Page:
Monday 9 December 2019

Fiona Doyle's triumph over her rapist father

Sarah Stack

FIONA Doyle stood strong and tall, the look of justice clearly etched on her face after a 20-year struggle.

Flanked by her family, the loving mother revealed she was finally able to walk away with no baggage after seeing her rapist father Patrick O'Brien put behind bars.

But the innocence snatched from her as a seven-year-old, first raped the night before her First Holy Communion and almost every week after that for 10 years, could never be given back.

At the Criminal Courts of Justice, the 47-year-old wife and mother-of-five was eventually vindicated.

"I stood there and waited until he went through those doors. I watched him go through those doors and that was all I wanted," said Ms Doyle.

"You know, he might now feel the loneliness, the lack of support and the isolation that I have felt for the past 40 years.

"I have waited for this days for over 20 years since I first brought the first complaint to the gardai and the HSE.

"They were like everybody else, my schools, teachers, doctors, hospitals, they let me down.

"Nobody believed me."

Ms Doyle, who bravely waived her right to anonymity, "accepted" the judge's regret at granting her frail father bail on Monday and pleaded with the 72-year-old not to appeal against his jail term.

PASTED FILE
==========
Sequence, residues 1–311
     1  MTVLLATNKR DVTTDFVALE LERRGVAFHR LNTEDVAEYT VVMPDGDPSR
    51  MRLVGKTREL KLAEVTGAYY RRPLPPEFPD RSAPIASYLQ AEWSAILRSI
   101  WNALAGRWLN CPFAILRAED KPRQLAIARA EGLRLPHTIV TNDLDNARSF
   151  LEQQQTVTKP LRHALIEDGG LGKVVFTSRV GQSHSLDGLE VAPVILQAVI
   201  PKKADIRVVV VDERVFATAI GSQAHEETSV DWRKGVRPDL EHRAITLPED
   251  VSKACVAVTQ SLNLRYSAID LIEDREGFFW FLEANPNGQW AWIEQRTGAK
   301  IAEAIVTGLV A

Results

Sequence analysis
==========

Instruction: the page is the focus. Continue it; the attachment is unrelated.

"I would just like to ask my dad, as a sign of remorse, not to appeal this three-year sentence," she said.

"This three-year sentence now, in his present state, is a lifetime for him."

Dressed in pink and with her family around her, including husband Jim, son Patrick and her father's brother Des who "never doubted" her over the years, Ms Doyle said she had no plans to celebrate the judicial U-turn.

"It's not something I had planned on celebrating. I found it quite sad," she said.

"When it all boils down, that was my dad walking through those doors and I'll never see him again.

"My mam and dad said last week they've nothing to do with Fiona Doyle; well Fiona Doyle has nothing to do with Pat and Breda (Brigid) O'Brien.

"I'm a Doyle and I'm proud of the family I come from and the family that we are."

But despite the years of heartache and campaigning for justice she urged other victims to stand up to their attackers.

"It was difficult, it was a long hard road," she said.

"Look at my face today compared to last week. I'm happy and it's been a rough ride, but it's worth it."

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